Welcome to the highly frustrating yet satisfying world of Bug Triage for Mozilla based software. Before we go on, I would like to warn you about some of the dangers involved. Firefox is big and multi-threaded. When you throw in a flash player, a java virtual machine, and a couple of plugins, it gets bigger. The whole Firefox vs. Iceweasel issue will also make your head spin.
Yet, Firefox is a very visible piece of Ubuntu. So, the significance of what you are doing is great. Helping fix a issue in Firefox is helping thousands of people.
Here are a couple of long term goals for Firefox triage.
- Every 'unconfirmed' issue report should be acknowledged with in a few hours. In many cases a Firefox crash report is the first bug report that a new users files. Let's make it a positive experience.
- Issue reports that have been sitting as 'need info' should be closed or followed up on after 30 days.
- All 'confirmed' bugs should be classified as Ubuntu, Debian, or Mozilla based on where in the packaging processing they first appear. Debian and Mozilla issues should be pushed upstream as soon as possible. Ubuntu issues should be taken care of by an Ubuntu Developer
At any given point in time we will be triaging 3 versions of a package. Those found in an up to date Long Term Support (LTS), Current, and Current +1 release. These versions must be installed from the official Ubuntu repositories. If someone reports a bug from a third party repository, politely refer them back to the repository maintainer for support.
- LTS- We will fix all issues that have been rated High by QA. We will work with the various support channels to develop work a rounds for other issues as need.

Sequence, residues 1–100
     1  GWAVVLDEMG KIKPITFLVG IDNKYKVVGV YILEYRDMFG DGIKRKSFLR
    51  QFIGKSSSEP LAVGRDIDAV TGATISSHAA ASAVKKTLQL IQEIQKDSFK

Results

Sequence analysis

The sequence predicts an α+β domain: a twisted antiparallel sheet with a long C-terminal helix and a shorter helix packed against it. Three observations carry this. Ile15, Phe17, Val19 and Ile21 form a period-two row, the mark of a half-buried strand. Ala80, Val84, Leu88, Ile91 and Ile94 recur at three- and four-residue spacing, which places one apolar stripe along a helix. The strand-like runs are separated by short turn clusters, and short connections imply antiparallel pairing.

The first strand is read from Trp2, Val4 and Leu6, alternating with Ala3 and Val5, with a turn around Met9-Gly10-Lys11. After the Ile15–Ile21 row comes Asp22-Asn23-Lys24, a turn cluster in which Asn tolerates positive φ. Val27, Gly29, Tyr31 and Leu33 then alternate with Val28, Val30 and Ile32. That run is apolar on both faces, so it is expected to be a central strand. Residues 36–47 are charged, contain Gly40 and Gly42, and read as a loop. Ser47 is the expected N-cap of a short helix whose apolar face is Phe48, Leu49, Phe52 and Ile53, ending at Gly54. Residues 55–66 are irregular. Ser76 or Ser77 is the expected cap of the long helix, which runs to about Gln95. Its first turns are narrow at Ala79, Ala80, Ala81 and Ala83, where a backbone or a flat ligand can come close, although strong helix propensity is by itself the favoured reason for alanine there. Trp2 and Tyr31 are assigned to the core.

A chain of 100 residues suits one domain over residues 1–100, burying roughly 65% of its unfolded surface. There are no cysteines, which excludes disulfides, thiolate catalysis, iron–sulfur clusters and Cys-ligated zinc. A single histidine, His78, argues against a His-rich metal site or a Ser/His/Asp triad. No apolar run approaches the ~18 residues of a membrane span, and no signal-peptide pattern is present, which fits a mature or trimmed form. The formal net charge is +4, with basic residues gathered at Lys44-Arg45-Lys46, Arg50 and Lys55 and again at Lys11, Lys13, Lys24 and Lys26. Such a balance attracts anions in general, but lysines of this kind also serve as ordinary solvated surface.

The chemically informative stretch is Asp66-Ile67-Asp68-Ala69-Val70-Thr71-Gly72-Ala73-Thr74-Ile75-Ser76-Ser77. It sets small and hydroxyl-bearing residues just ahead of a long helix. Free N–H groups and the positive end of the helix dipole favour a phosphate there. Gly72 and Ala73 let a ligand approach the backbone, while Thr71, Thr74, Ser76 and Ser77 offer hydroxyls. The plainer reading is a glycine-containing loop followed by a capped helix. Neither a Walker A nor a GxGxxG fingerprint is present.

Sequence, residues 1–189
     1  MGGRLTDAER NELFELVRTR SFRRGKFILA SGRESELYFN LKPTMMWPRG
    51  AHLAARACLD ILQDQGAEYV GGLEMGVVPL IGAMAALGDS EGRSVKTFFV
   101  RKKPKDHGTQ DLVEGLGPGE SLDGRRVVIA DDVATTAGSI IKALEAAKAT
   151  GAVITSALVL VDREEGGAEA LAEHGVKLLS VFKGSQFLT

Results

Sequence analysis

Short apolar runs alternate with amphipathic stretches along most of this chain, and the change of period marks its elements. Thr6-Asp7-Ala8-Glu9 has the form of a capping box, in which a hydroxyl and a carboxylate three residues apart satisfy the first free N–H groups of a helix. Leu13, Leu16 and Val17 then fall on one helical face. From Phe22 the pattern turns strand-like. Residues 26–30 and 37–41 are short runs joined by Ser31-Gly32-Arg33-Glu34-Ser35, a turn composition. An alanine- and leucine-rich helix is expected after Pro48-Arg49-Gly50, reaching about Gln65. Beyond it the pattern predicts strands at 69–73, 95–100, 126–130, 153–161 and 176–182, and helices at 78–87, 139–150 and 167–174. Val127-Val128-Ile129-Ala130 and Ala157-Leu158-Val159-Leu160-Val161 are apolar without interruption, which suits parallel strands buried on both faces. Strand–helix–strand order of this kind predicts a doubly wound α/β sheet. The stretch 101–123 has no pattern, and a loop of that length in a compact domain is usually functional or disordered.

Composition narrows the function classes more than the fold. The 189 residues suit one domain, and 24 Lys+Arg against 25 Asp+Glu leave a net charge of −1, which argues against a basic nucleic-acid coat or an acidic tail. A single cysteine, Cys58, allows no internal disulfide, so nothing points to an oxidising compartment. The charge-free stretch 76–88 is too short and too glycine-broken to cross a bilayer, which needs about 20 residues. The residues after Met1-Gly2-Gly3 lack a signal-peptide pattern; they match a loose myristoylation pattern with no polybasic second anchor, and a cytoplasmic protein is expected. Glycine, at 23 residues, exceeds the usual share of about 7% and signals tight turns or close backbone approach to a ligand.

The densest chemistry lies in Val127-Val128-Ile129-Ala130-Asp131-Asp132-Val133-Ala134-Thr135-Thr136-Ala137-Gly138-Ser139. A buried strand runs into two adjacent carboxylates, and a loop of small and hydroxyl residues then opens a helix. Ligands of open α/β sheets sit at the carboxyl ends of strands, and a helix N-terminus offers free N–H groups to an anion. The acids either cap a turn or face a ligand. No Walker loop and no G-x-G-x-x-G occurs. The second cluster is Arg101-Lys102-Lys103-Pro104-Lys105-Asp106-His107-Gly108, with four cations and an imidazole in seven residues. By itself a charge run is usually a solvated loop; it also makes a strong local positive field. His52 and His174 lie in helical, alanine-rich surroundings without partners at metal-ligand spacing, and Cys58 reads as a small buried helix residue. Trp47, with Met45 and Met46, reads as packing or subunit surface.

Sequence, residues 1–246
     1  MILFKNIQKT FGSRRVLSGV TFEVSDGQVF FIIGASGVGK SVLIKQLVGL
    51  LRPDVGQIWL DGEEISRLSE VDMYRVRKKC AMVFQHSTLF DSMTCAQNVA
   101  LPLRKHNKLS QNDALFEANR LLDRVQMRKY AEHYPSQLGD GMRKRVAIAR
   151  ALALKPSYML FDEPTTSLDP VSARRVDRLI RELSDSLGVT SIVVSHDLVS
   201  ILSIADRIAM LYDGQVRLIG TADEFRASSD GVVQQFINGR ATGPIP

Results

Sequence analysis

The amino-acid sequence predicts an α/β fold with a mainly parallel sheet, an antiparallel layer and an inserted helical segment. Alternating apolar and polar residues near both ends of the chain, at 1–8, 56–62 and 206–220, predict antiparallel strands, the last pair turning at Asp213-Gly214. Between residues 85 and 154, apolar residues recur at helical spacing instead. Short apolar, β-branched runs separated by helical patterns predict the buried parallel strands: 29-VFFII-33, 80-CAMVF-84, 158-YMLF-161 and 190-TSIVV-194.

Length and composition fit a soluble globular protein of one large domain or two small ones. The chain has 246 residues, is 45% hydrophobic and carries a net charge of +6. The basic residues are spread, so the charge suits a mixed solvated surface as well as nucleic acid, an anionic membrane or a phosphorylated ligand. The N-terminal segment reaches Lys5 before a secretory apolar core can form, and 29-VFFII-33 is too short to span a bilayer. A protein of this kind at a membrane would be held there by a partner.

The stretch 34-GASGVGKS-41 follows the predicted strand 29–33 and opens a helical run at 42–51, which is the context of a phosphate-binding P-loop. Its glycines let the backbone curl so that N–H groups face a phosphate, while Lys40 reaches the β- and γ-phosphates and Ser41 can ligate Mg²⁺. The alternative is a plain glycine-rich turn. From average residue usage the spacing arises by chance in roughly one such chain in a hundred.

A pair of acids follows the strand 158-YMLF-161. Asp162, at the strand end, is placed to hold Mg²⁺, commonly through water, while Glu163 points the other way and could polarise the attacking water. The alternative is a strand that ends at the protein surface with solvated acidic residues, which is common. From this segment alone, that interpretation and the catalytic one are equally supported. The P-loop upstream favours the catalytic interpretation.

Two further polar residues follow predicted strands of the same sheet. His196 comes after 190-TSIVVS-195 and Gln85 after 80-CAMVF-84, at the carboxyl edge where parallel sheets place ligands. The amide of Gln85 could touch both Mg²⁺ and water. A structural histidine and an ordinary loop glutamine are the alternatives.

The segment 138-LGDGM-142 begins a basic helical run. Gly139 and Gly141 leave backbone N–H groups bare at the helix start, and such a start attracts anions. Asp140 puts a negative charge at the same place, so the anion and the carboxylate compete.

- Current - Same as LTS.
- Current +1. We will attempt to fix all issues.
Our direct core upstream is now the Mozilla Foundation, this was changed as per Feisty Fawn, anything before Feisty it is Debian, this was changed due to trademark issues, MozillaTeam/Trademarks.
Once the report has enough information we usually send it back to the original code developer(s), we do this because we cannot fix every bug we receive as we wouldn't have much time at all, this is known as sending it upstream.
When doing this you have to keep in mind that sending a report upstream is designed to speed up the process of bug fixing, thus sending insufficient and/or incorrect information helps nobody, (please, please ask if you are stuck), once you have enough information select the correct upstream tracker, a report the bug yourself, please see this entry for more detail.
As a triager, you will begin to see a number of re-occurring issues.
MozillaTeam/Bugs contains step-by-step instructions for bug reporters to provide us with helpful bug reports.
New to the Edgy development Cycle is the apport crash reporting infrastructure. This infrastructure is currently undergoing rapid development so hold on tight. We'll talk in more detail about crash report later on. For now, let's just consider that most Firefox crashes are actually Flash, Java, or plugin related. Please realize crash reports are not always bug reports.
Mozilla Gtk Consistency
Firefox is written to be cross platform. The Mozilla developers have developed their own widget set to aid in this cross compatibility. Widgets are all the dialogs where Firefox communicates with the rest of the operating system. Such as file pickers, file save, set proxy.... For consistency with the rest of Ubuntu, these widgets have often been replaced with Gtk widgets by Debian and Ubuntu Developers.
Upstream Firefox is officially available in over 45 languages. That is a lot of different fonts and localized Ubuntu help pages to keep straight.
Upstream, Mozilla is struggling with how to protect the Firefox brand while being as flexible as possible to downstream distributions. This causes changing icon and product naming requirements.